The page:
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  • Easy construction, a 12-year old can do it!

    Bram Peirs @ fWtW08/29/2020 at 16:35 0 comments

    One of our primary goals is making our windturbines very easy to assemble. Think an Ikea-style kit that everyone can build with basic tools. This also means omitting the use of resins, these are used for holding the magnets and coils into place. And for neodymium magnets it's very important to prevent contact with moisture, or this can happen:

    We avoid using these because this kind of 2-component adhesives are not that easy to work with. ..You have to weigh the hardener precisely since you only need a few grammes, stir very very well and work fast when applying because it hardens quite fast.

    We came up with a solution! Which is printing the magnets IN the part. This is done by putting the magnets in the caveties, and printing a 'lid' of 5 layers on top of it:

    To test, we emerged the part in water for 24h and weighed it before and after:

    The weight appears to be the same before and after, and no traces of water are visible in the part!

  • First test with rPET (recycled PET!)

    Bram Peirs @ fWtW08/25/2020 at 17:05 0 comments

    Our BASF Ultrafuse rPET arrived! First tests are good: the results are similar as PET-G and it prints with the same settings. It's a bit stiffer though, but the difference is way smaller than between PET(-G) and PLA. BASF's rPET claims to have a flexural modulus of 2,15GPa, generic PET-G should be around 2,1GPa, and PLA around 3,5GPa. In scientific papers we can see that PET-G sometimes has a lower flexural modulus than specified, which would explain the difference in our tests.

    The color seems to be a bit less bright than the official product photos. Certainly for small parts this is something to be aware of. Below is an example next to a red and a green PET-G part.

    Original product picture from the BASF website: not that we are not affiliated with any of the brands mentioned)

  • Using PET's flex for a self-locking tail

    Bram Peirs @ fWtW08/24/2020 at 16:37 0 comments

    We aim to make the construction of the windturbine as easy as possible. This means a minimum of glue and screws. For the tail, we designed a piece that holds 3 aluminium rods and can be mounted on a 40mm pole. Since the rods and the PET flex a little, they will interlock because of the tension of bending the rods towards eachother:

    Test print, but gives a more detailed view:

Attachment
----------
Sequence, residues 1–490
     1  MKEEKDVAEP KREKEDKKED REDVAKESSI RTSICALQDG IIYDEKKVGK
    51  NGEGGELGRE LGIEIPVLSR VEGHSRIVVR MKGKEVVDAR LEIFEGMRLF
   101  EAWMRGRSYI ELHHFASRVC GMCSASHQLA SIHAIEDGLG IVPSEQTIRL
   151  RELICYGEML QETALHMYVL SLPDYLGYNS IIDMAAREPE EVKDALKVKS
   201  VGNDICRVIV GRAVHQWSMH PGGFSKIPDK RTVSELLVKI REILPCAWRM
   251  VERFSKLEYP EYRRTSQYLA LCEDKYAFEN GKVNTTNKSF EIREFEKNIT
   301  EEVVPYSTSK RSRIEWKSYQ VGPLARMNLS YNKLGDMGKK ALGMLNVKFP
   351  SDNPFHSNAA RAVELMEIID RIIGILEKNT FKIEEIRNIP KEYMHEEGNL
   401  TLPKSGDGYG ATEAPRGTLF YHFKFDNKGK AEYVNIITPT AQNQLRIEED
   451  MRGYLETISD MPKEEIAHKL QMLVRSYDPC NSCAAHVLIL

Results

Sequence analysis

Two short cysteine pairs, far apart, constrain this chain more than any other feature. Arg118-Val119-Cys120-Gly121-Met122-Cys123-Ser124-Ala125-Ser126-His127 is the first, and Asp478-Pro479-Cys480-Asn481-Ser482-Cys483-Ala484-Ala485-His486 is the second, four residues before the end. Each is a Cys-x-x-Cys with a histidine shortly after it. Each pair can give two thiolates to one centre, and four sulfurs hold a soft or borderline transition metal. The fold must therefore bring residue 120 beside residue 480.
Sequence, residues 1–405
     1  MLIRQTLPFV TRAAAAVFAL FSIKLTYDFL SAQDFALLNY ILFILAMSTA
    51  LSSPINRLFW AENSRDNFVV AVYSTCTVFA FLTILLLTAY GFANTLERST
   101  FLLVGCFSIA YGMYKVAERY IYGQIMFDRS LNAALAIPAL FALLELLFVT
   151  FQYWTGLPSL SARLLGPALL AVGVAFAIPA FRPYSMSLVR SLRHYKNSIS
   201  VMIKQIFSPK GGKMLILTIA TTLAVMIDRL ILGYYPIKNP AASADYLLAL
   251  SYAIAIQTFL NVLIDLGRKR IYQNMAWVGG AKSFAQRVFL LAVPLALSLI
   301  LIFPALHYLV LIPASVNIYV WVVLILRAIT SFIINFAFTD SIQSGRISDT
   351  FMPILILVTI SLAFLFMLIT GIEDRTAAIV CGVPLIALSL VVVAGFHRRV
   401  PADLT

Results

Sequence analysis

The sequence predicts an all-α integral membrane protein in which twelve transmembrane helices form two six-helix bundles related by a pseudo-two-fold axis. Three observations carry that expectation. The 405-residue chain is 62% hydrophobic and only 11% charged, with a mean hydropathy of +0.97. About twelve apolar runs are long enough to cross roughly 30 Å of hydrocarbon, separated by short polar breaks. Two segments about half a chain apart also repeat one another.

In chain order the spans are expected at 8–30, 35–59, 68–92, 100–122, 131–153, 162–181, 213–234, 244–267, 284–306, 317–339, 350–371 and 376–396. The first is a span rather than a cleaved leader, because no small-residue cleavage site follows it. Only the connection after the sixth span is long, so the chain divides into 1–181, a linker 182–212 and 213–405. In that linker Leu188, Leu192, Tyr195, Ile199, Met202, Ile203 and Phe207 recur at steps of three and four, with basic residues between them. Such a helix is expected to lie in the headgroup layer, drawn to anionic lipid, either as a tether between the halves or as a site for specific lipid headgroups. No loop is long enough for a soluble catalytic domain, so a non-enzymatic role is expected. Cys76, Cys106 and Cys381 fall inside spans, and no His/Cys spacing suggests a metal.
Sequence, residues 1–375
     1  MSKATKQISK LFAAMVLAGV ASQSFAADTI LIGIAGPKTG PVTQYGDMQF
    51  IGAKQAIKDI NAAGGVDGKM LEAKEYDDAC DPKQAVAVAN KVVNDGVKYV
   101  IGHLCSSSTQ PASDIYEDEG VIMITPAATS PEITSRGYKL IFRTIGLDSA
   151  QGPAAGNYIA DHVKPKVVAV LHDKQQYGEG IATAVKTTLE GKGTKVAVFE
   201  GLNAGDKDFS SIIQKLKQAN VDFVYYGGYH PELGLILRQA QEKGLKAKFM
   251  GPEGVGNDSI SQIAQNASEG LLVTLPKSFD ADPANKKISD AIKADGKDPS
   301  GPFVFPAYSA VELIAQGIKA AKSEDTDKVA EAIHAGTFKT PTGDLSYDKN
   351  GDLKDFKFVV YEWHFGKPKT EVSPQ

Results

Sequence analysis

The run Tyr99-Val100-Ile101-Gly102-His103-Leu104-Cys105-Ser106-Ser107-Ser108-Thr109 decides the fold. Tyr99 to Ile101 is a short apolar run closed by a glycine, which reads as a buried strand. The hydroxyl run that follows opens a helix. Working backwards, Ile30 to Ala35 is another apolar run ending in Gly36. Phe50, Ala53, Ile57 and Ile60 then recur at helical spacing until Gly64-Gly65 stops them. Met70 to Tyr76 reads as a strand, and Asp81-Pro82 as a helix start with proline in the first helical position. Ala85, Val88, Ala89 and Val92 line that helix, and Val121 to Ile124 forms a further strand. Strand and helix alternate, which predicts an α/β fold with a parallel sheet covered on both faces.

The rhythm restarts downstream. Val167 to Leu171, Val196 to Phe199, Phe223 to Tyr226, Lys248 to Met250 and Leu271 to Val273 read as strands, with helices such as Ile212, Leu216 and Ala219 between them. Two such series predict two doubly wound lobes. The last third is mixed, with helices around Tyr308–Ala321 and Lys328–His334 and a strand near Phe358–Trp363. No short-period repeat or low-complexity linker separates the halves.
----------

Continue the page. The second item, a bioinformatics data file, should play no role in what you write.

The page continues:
• Almost ready to fly!

    Bram Peirs @ fWtW08/18/2020 at 14:59 0 comments

    The Propel-E is coming together nicely! Until now we have been prototyping with PET-G, but for the final version we will switch to 100% recycled PET from Tridea en BASF!

    Next up is creating a tail! Dimensions are not so critical but it is important that it is light and stiff! The tailpiece will also serve as a mount for the windturbine, and fits everything of a pole of 40mm. Herefore we use a cheap steel pole that is used for garden fencing (which was actually 38,5mm in our case). Total price: barely 20EUR!


    The final result will be the printed version of this:

View all 4 project logs

Enjoy this project?



intentionalrobots wrote 04/01/2021 at 16:11 point

Love it! Do you have any more documentation than what is here or on your website? If you want any help with writing any documentation or running tests, give me a shout!

Did you work with Precious Plastics? Did you make any filament there?

Thanks for making this open source!


  Are you sure? yes | no

Michael Schembri wrote 08/21/2020 at 17:13 point

Awesome: How do you convert plastic to a recycled plastic model??

  Are you sure? yes | no

Bram Peirs @ fWtW wrote 08/23/2020 at 16:20 point

Thanks! At the moment we are working with filament that has been made from recycled PET (also called rPET) from Tridea and BASF:

To recycle PET-bottles you need a shredder to shred them to small flakes. With those flakes you can make filament (with an extruder) or directly print from the flakes with a suitable printer. In the coming months we are aiming to do that ourselves so we can achieve more transparency and tracebility.

Does that answer your question?

  Are you sure? yes | no

Michael Schembri wrote 08/24/2020 at 19:23 point

Looking forward.

  Are you sure? yes | no

Fab wrote 08/15/2020 at 20:27 point

Guys thats f**ng awesome! Really like to see a really "grown up" design of a 3D printed wind turbine! :)

  Are you sure? yes | no

Bram Peirs @ fWtW wrote 08/18/2020 at 15:22 point

Thanks :) If we manage to finish this one before the deadline, we will launch a much bigger windturbine so we hopefully earn the grown up medal ;)

  Are you sure? yes | no